A push to change the longstanding salary threshold at which certain employees are eligible to receive overtime pay is moving forward.
The U.S. Department of Labor announced on March 7 a proposed change that would make in excess of one million more American workers eligible to receive overtime pay. The suggested change, which is expected to take effect in January 2020, would make the new threshold $35,308 or $679 per week.
Under the Fair Labor Standards Act, salaried employees who are in executive, administrative and professional roles generally are exempt from being able to earn overtime pay if they make more than $455 per week or $23,660 a year.
The Department of Labor relied on extensive public input before making a recommendation for a revised salary threshold. That process included six in-person listening sessions around the country and receiving more than 200,000 comments.
However, the notice of proposed rule-making issued by the Department of Labor maintains overtime protections for some professions including police officers, fire fighters, paramedics, nurses and certain laborers.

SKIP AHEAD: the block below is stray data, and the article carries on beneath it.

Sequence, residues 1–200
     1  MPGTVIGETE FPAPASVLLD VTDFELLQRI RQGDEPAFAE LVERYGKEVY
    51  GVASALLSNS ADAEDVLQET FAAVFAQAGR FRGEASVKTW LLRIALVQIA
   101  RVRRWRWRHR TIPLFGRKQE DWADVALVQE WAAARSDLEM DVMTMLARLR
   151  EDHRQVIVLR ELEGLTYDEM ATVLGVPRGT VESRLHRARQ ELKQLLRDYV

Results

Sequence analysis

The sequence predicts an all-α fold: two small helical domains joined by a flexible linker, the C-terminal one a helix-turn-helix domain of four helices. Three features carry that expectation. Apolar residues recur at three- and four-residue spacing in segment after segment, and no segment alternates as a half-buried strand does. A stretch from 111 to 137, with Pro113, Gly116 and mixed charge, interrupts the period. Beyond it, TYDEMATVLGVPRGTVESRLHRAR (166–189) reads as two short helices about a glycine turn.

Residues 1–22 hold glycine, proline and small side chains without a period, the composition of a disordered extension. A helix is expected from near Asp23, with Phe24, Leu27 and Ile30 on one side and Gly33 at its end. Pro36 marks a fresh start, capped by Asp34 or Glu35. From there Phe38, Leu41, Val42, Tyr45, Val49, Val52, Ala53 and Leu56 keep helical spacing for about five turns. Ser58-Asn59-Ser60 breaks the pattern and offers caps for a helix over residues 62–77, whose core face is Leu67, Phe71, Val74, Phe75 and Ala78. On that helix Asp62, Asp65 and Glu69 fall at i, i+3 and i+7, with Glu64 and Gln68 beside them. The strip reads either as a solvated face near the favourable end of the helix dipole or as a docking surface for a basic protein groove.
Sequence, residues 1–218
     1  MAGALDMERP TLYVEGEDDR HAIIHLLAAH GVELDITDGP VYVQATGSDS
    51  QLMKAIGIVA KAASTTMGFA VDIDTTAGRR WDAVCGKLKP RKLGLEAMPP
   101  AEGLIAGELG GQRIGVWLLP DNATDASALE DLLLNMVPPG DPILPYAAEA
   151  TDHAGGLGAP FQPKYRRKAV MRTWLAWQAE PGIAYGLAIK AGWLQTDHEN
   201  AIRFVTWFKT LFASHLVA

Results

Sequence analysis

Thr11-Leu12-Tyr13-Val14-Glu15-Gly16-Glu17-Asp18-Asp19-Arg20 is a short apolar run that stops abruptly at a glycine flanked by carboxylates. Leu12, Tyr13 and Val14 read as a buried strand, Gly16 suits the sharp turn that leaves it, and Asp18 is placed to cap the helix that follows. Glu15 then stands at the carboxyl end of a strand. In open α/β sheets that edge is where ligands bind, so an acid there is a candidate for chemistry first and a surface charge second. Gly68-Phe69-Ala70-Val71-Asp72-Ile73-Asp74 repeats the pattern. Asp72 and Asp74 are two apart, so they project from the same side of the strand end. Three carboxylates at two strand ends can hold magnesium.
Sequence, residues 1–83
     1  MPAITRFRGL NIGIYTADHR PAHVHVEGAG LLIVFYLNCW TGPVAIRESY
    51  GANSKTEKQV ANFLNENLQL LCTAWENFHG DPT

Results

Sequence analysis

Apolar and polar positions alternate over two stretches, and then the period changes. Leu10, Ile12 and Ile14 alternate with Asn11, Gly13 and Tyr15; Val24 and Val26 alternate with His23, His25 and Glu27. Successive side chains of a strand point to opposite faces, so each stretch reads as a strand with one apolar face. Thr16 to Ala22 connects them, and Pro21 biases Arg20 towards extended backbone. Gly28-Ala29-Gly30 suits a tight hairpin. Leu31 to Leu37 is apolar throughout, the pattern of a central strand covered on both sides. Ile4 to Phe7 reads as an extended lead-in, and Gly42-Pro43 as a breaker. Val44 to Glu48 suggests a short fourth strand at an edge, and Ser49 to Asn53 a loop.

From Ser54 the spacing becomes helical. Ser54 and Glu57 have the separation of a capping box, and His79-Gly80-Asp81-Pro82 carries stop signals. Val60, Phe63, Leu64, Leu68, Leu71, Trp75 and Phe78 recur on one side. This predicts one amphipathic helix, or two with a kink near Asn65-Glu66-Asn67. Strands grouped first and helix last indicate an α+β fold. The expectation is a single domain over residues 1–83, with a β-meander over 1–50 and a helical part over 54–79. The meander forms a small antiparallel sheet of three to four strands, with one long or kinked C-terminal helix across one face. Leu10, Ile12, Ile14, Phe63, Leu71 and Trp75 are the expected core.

Additionally, the proposal doesn’t include automatic adjustments to the salary threshold.
A final rule is expected later this year.
To comply, employers would have several options:
- Increase employee salaries to meet the new threshold
- Modify job duties to meet overtime exemption standards
- Reclassify exempt employees as nonexempt and pay overtime wages
Advisers say employers can audit their exempt workforce now but should wait to make any salary or classification changes until after the Department of Labor issues its final rule.
Syndeo will offer more guidance on the modified salary threshold in the months ahead.
This would be the first change to the overtime salary threshold since 2004 and only the second since 1975.
The existing threshold was nearly doubled in 2016 before a Texas federal judge ruled the labor department overstepped its authority with the drastic threshold increase.
The ruling, which would have gone into effect in December 2016, halted a plan to require employers to pay overtime for salaried workers unless they made more than $913 per week or $47,476 a year.
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